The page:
By: Luke Drotar
From an origami tutorial one day to art reclamation by people experiencing homelessness the next, you’d be hard-pressed to find a gallery or studio that allows for more variety in its art & artists than the Transformational Art Center. The group uses wood & other items from nature, as well as recycled materials from places like ZeroLandfill Cleveland, to explore how they can transform discarded art media into works of beauty.
Based in the old St. Peter’s Room of the Bishop Cosgrove Center (1736 Superior Ave), the Transformational Art Center is a “community which reflects the movement of the Spirit in the building of relationship through artistic expression,” write Program Coordinators Pam Meyers & Mike Waters. “Our primary purpose is the transformation of our relationship with God, ourselves & each other as we share our spiritual journey.”
Visiting makes it clear that the Center is indeed out to build a fellowship in art. What’s more poignant is that they are succeeding, & without using any wine. Their membership has grown from a core membership of the few into a free-flowing vibrancy that can include dozens of participants during the days they work alongside the Cosgrove lunch crowd.
Artists and non-artists of all levels and types of talent, interest, and style work side-by-side in light-hearted conversation. A Rhythm & Blues CD croons smoothly from a boombox across the room and applies to their working environment a light coating of groove. The large conference size-room in which they work is decorated throughout with collages and designs both colorful and symbolic, with canvas paintings that appear curiously Jackson Pollock, with mixed-media installations that bend and stretch your mind as you perambulate.
The program’s aim is high-reward: the total transformation of oneself. I’ve been lucky to know a couple members for a few years, during the breadth of their participation. I can testify that some transformations of the mind can be seen with one’s eyes.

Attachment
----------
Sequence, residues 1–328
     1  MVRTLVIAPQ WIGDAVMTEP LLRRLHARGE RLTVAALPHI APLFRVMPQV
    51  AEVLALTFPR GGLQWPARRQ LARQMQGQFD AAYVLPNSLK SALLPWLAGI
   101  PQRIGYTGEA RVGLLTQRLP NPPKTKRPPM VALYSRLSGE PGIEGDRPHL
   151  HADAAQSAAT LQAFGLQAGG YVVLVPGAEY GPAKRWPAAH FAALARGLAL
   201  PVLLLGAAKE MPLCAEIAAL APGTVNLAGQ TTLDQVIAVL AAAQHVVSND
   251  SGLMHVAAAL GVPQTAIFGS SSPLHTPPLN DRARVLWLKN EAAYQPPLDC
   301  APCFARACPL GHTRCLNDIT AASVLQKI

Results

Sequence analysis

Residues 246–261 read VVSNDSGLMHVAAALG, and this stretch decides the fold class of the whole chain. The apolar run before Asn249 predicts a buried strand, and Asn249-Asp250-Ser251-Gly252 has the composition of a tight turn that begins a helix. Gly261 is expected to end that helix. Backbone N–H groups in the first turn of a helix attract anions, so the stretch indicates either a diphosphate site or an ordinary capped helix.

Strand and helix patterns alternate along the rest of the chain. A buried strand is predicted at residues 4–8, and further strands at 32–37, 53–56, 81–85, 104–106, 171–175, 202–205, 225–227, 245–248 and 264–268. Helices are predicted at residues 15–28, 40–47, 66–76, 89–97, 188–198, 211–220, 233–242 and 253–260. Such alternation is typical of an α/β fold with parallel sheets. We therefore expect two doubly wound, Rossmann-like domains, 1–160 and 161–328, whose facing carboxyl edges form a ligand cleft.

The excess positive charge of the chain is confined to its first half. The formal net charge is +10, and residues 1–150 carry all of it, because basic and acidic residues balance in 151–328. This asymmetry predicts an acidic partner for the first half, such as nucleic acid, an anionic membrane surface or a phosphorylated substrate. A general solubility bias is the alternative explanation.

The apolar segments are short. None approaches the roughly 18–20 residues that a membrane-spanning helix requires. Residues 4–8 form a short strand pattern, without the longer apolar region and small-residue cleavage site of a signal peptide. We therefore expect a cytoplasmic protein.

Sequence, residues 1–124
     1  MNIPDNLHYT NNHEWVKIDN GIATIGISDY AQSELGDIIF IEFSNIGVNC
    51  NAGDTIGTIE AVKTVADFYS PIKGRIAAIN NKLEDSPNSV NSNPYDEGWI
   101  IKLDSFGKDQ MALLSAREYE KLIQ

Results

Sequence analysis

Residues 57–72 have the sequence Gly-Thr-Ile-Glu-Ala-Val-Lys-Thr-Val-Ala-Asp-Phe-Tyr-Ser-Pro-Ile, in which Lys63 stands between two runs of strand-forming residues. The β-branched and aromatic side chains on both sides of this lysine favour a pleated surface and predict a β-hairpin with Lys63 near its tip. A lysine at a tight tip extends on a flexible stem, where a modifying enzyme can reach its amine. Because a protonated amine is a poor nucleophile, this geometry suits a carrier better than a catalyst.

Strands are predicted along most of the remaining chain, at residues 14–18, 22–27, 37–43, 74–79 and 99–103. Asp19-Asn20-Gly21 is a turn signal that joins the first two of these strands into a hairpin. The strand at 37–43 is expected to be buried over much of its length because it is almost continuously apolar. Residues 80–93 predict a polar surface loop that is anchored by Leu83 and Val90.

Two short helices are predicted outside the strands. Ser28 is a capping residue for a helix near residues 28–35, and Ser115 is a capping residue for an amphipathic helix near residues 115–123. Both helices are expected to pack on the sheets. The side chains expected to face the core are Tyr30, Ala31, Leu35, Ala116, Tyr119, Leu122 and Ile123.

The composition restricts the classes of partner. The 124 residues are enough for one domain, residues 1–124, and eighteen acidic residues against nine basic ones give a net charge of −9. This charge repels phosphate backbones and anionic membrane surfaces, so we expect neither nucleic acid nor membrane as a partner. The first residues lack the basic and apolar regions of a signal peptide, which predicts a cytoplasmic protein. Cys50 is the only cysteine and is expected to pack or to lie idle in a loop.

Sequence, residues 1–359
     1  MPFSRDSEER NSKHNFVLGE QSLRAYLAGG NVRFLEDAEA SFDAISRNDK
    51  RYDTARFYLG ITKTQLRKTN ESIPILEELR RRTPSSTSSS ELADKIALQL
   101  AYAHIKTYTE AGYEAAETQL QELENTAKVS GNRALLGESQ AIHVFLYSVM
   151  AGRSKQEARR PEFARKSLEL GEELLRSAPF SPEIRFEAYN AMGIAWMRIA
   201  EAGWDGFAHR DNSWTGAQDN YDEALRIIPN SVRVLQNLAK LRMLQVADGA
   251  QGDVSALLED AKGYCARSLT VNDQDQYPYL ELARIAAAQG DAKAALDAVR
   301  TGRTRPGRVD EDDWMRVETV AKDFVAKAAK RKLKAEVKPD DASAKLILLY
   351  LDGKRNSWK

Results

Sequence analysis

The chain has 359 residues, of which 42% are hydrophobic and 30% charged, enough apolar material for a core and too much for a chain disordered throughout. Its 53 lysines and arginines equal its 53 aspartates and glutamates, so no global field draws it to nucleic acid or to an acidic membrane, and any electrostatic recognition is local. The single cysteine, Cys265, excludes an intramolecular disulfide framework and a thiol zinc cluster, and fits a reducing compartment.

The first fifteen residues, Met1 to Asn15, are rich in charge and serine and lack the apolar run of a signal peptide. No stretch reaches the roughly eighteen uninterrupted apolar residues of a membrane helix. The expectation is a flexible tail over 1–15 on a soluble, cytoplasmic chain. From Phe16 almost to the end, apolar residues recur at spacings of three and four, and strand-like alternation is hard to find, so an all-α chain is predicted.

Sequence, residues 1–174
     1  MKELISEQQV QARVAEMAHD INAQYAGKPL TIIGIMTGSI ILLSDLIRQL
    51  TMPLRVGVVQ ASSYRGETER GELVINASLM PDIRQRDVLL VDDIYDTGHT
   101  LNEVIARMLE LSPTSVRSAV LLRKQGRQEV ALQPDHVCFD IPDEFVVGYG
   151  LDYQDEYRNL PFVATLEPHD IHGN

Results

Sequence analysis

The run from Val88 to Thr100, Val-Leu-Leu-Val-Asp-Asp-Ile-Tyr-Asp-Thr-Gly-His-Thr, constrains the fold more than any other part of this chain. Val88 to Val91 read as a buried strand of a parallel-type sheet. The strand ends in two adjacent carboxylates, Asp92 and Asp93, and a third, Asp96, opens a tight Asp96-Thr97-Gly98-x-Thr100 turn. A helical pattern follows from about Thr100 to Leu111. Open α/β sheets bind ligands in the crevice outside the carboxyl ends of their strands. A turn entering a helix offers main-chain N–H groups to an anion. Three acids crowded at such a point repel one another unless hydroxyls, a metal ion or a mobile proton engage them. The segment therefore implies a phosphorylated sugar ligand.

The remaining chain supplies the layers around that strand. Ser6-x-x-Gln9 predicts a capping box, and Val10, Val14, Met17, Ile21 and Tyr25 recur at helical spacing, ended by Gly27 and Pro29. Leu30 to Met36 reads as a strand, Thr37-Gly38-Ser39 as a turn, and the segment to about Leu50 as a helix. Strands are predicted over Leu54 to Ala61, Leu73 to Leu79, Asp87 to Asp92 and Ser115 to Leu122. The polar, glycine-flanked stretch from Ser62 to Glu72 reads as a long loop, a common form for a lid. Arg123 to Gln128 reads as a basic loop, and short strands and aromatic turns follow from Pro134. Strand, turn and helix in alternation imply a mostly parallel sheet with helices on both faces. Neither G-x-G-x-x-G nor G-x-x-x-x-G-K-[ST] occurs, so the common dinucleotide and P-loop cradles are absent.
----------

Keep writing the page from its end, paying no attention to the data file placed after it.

The Transformational Art Center elaborates their values as such: “Unconditional Love (loving each other just as we are), Compassion (‘suffering with’ – being present with each other in our suffering), Divine Friendship (seeing the Presence of God in all persons & all of creation), Companionship (a mutual relationship which holds its grounding in Christ), & Forgiveness (accepting each other in our brokenness & understanding the pain & woundedness behind every offense).”
The Transformational Art Center’s work is the kind that you can feel not only good about supporting. Besides it not being done for profit, the program is an unpretentious one that won’t cost you a lot of time or money to be a hero for. If you purchase a piece from their wide-ranging & affordable collection, all proceeds from its sale will go toward the purchase of more art supplies. Support can be as simple as that.
Although, as Program Coordinator Pam Meyers says, “It’s not about art, it’s about relationship.” If the efforts of the Transformational Center resonate in your heart & mind, then join them; they love to see their community grow. You may call Program Coordinators Pam Meyers & Mike Waters at (216) 407-3185 & (216) 376-3942 to find a way to get connected.
Copyright Northeast Ohio Coalition for the Homeless and The Street Chronicle published Sept. 2011 Cleveland, Ohio